In this article, I’ll help you better understand anxiety and twitching. I’ll tell you the story of the very first time I experienced this symptom. I’ll also share what I learned about twitching following that experience, as well as tips on how you can better manage twitching.
In fact, once I learned exactly why these symptoms were occurring, I was able to start better managing them on my own.
It was another regular day at home in Cape Town, South Africa and I had just sat down to have lunch with my mom…
I still remember the food I was eating, and where we bought it from. This just goes to show how our brain holds onto information when something is terrifying or traumatic.
In case you are wondering, it was a sweet chili wrap from Kauai. It’s a really good food place that I ate at all the time!
Okay, so on this particular day, while I was trying to enjoy my lunch, my finger suddenly started to twitch. I had never experienced anything like this before so I was really confused! It quickly turned to fear because it felt like I had no control over my hand.
I held my hand out and watched my finger twitching and moving on its own. While I was trying to figure this out, I then noticed a twitch in my wrist too.
Let me just say here that I was never the type of person to go “Okay, this seems weird, but let’s be logical about what it could be.”
Nope, my brain skipped over that part and went straight to “WHAT IS HAPPENING, SOMETHING IS WRONG, I NEED TO KNOW WHAT THIS IS RIGHT NOW!”
My mom said she’s sure it’s fine and I continued to eat my wrap, no longer paying attention to my food as my finger and wrist continued to twitch and my brain continued to run wild with horrifying thoughts.
At the time, my mom also had a massive medical book that had pretty much every single disease and illness in it that you can think of. I had the bright idea that I was going to look up my symptom in there.
I remember the absolute pit in my stomach as I went in search of it. I was actually so shocked at what a physical reaction I was having and I hadn’t even looked it up yet.
My heart raced, I felt sick, my vision was even blurry, I was terrified at what I would find.
My biggest fear, ALS, right in front of my eyes…
My symptoms came up alongside a degenerative disease I was familiar with because I had read stories and heard of people who had it…
Motor Neuron Disease, also known as ALS.
It was one that absolutely terrified me.
If I thought I was scared before, well… I thought I was going to pass out when I saw this, I could not believe my eyes.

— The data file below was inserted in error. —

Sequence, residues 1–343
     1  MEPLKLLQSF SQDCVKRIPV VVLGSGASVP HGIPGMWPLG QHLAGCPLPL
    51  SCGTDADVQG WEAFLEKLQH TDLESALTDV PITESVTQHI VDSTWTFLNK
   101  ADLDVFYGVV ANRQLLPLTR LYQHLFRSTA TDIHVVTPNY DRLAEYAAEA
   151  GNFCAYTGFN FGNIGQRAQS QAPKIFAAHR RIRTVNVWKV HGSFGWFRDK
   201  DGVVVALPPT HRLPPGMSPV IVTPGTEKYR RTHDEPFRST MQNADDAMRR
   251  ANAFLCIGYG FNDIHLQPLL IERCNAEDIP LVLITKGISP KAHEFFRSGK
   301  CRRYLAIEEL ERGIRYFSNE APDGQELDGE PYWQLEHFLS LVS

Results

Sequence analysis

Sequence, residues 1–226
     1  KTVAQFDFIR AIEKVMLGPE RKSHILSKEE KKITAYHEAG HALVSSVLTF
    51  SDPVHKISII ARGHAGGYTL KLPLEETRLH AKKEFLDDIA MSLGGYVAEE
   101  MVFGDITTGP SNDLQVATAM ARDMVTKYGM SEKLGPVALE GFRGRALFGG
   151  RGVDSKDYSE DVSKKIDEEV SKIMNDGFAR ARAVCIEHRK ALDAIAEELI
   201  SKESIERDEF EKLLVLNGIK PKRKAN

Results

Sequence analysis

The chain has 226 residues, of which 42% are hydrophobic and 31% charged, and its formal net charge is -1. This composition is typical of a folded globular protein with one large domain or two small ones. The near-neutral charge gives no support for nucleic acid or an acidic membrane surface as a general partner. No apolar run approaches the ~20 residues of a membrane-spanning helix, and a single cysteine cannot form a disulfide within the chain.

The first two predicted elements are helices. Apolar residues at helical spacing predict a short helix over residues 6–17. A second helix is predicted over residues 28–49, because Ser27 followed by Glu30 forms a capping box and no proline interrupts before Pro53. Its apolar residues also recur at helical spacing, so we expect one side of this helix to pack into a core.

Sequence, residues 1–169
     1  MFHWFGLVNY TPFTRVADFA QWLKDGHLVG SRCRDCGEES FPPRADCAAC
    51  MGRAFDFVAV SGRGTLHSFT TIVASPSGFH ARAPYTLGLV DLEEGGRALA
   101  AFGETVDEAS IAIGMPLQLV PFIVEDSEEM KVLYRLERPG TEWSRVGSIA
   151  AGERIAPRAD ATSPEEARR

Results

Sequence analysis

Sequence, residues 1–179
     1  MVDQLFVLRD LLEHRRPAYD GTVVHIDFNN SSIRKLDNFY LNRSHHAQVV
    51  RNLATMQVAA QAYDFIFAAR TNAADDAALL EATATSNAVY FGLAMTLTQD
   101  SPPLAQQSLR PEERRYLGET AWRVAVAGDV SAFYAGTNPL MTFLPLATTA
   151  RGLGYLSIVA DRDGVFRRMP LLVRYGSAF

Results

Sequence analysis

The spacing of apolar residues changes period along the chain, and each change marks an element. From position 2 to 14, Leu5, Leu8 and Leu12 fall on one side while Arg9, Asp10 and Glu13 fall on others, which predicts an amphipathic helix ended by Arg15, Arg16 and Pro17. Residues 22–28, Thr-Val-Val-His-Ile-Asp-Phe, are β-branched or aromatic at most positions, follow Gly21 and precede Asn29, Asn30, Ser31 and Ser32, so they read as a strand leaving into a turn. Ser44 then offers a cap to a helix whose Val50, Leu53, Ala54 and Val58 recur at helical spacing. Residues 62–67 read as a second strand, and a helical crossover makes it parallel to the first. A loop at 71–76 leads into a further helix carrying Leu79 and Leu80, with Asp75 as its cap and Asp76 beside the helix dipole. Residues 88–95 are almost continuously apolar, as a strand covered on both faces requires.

I don’t even remember what I did at this point, I must have mentioned something to my mom, but she didn’t seem too worried.
I just remember being in a bubble of fear. I felt completely isolated and as if I was losing my mind.
I didn’t believe I wasn’t ill, how could I? My symptoms were right there on paper alongside one of my biggest fears.
I don’t remember for certain if my finger twitch went away or if I was still dealing with it when the next twitch started.
What I do remember is I started experiencing twitching in my shoulder (which is apparently a common area for ALS to start, imagine my horror), my arm, and my leg.
I alternated somewhere between a state of complete panic and feeling resigned to the fact I was probably ill or dying.
I felt like I had zero control and this was a hard thing for me to accept, the queen of needing to control everything.
It’s an awful, hopeless place to be.
No one really understands if they haven’t been through it. Saying health anxiety is hell is putting it mildly. Just being alive feels hard. Existing means you are constantly aware of everything.
Every sensation, every twitch, every single symptom…
You get to a point where your sanity is hanging on by a thread.
I’d try to explain it, but was often met with blank stares or “You should see a doctor” or “It’s nothing, you’re just a hypochondriac.”
I felt all alone, and I was.
Depression and health anxiety go hand in hand
Depression had always been something that liked to creep into my life every now and then and you bet it started to make itself comfortable now.
I lived my days on autopilot. I went through the motions, but it was all a haze as my mind could not stop worrying and obsessing.
I wish I could give you a short timeline on how long I dealt with muscle twitches, but the sad fact is that they became my reality for years.
I’m not looking for pity, I know just how many other people have suffered or are suffering right now.
The muscle twitches were either on and off in one area or all over, or they would last for ages.
When I was in my twenties, I had a wrist twitch that lasted for MONTHS in the same spot and it was all day.
I’d read my book or watch a show and physically press down on the twitch to try to make it stop while trying to occupy my mind elsewhere.